The global movement to boycott, divest and sanction Israel suffered a resounding setback this week in Seattle when the University of Washington's student senate rejected a resolution that would have pulled UW investments out of companies profiting from the Israeli occupation of Palestine.
The defeat was particularly disappointing for Seattle-native and Evergreen State College senior Elizabeth Moore, one of many local activists involved in the global divestment campaign. (The UW vote affects Evergreen too. More on that soon.) As a young Jewish woman, Moore has always had a vexing relationship with Israel. Her criticisms of the Israeli government’s treatment of Palestinians have led to accusations that she was a “turn coat” and “a self-hating Jew.”
When she started at The Evergreen State College in 2010, Moore’s desire to balance her Jewish identity with her ideals for social justice drove her to join the student group Mideast Solidarity Project, now called Students for Justice in Palestine (SJP). She arrived just as the organization was celebrating a pivotal victory.
In the second largest turnout (34%) for any ballot measure in the history of Evergreen, 79% of the participating students voted in favor of divesting from companies linked to the Israeli occupation of Palestine. The election result was subsequently affirmed by a divestment resolution passed by Evergreen's student government. After months of educational events, meetings and impassioned speeches, the Palestinian solidarity activists had finally won.
But nothing happened.
Ironically, control over Evergreen's investment portfolio, and thus divestment, rests with the University of Washington. According to a 2012 financial report, $4.8 million of Evergreen’s $5.7 million endowment is held — along with 3,100 other individual portfolios — in the Consolidated Endowment Fund, which is managed by the UW. Pooling investments makes sense financially, but it leaves Evergreen with little say over where and how its money is invested.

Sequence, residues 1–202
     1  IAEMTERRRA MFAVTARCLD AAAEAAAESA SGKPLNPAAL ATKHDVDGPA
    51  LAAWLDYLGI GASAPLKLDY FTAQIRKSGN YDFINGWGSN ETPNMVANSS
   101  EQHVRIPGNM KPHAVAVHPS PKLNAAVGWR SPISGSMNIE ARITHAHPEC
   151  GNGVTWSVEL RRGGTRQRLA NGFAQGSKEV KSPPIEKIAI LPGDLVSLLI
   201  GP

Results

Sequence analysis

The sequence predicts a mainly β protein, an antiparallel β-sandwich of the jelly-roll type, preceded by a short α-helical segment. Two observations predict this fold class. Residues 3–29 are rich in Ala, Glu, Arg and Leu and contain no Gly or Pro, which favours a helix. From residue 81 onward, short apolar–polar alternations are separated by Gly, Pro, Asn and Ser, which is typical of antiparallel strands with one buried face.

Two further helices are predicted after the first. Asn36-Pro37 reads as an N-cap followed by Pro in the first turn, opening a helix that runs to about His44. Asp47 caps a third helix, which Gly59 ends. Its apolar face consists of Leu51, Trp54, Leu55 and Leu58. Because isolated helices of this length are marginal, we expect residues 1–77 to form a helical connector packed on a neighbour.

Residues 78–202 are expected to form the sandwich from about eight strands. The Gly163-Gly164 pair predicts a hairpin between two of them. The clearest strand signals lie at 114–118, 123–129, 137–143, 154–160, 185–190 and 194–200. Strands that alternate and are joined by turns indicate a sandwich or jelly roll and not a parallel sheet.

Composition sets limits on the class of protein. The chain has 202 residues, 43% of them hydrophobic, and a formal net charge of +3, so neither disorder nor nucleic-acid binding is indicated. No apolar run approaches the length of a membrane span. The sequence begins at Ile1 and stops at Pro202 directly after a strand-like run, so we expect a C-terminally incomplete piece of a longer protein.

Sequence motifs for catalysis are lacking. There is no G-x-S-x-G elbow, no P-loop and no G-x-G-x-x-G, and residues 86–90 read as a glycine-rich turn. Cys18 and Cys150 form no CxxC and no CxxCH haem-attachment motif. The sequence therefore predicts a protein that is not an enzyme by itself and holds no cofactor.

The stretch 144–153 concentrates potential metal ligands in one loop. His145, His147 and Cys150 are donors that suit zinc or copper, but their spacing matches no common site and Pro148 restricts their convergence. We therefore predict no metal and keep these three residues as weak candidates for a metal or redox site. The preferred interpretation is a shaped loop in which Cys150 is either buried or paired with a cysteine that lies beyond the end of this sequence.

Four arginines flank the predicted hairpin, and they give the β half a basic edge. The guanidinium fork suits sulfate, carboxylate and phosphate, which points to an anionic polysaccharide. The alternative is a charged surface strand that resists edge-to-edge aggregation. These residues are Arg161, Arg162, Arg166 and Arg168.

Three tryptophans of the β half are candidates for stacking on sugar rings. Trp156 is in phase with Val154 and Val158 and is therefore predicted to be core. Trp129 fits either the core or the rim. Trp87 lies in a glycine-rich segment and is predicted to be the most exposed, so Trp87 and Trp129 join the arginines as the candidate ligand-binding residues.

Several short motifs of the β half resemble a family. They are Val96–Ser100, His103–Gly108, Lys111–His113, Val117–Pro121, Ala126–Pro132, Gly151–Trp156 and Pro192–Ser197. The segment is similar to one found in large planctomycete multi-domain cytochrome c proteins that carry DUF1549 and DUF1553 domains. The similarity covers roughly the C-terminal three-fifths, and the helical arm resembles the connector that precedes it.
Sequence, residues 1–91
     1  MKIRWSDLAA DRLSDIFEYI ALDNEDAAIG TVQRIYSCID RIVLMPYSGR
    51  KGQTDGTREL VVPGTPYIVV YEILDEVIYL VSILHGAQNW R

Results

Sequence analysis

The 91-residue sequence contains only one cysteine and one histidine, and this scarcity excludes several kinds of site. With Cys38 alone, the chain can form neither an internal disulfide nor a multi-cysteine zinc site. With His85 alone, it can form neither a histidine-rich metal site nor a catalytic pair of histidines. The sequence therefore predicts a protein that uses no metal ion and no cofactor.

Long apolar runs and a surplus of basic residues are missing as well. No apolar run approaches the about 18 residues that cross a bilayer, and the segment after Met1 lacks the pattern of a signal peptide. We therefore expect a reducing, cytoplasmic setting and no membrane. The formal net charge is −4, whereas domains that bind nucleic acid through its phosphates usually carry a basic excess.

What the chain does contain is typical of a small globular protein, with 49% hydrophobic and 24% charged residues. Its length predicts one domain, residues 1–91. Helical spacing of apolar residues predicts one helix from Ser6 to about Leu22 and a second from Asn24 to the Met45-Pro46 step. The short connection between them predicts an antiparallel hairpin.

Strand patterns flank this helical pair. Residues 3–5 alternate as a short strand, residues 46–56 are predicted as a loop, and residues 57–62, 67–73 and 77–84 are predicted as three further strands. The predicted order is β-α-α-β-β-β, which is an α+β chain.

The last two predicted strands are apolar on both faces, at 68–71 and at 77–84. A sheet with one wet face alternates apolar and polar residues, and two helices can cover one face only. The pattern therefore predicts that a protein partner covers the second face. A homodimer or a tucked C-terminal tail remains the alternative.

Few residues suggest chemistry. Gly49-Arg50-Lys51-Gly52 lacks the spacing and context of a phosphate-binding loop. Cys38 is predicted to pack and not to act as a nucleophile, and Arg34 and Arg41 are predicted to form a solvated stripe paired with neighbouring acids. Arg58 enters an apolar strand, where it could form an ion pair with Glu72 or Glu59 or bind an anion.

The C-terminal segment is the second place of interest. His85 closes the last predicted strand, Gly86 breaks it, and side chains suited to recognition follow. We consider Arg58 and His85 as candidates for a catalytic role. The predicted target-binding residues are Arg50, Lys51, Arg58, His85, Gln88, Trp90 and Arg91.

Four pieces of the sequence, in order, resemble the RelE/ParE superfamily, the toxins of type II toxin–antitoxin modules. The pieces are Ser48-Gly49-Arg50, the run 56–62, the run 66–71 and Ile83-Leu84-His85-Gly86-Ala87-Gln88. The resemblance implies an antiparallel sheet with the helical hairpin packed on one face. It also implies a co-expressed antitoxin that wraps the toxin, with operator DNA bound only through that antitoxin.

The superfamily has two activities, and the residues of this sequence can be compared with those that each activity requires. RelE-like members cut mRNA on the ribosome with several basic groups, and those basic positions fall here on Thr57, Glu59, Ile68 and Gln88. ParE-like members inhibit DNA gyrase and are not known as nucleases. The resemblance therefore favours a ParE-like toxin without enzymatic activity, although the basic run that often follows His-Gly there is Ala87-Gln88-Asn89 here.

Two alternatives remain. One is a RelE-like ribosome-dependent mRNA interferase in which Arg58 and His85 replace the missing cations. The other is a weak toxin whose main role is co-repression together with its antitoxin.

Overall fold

Removing its investments from the pooled fund isn’t such a simple matter either. Although Evergreen wouldn’t incur any withdrawal fees, replicating the financial performance of the pooled fund would be “difficult if not impossible” with other investment options, says Todd Sprague, a spokesperson from Evergreen's treasury office.
Moore and other divestment activists have spent the last four years quietly maintaining awareness of the issue at Evergreen while working with UW students to slowly build support for divestment on that campus. Their efforts coalesced in Resolution 20-39, which the UW's student senate roundly rejected this week by a 59-8 vote (with 11 abstaining and 29 absent).
Had the student senate and its Board of Director passed the resolution, the senate would have sent a formal recommendation to the ultimate decision makers, the UW Board of Regents.
During discussions before the final vote, one senator warned that approving such a controversial measure could harm the credibility of the student senate. “This is one instance when UW’s cutting-edge innovation would be a bad thing,” he told his senate colleagues.
Despite the defeat, the divestment issue isn’t likely to disappear. Proponents point to what they say is growing campus support, saying that this week's failure has only strengthened their resolve.
Resolution 20-39 ignited a heated campus debate about the university’s role in the Israeli-Palestinian conflict; about whether maintaining financial ties to Israel makes schools complicit in what has been called an "apartheid state"; and about whether divestment unfairly singles out Israel.
“It’s a question of do you support human rights violations or not?” asked Caitlin Palo, a graduate student and a member of Students United for Palestinian Equal Rights, one of several campus organizations that cosponsored Resolution 20-39.
For opponents, at campuses in Washington and around the world, the resolution is an unjust attack on Israel. “Blaming and sanctioning only one side does nothing to promote an agreement that is just for both peoples,” argued David Weingarten, a student senator and member of the UW Hillel Board of Directors. On the contrary, it “polarizes the debate more, and decreases the chances for peace.” It could also depress enrollment, warned Rabbi Oren Hayon in The Jewish Sound, by making “UW a less attractive option for prospective Jewish students making decisions about where to go to college.”
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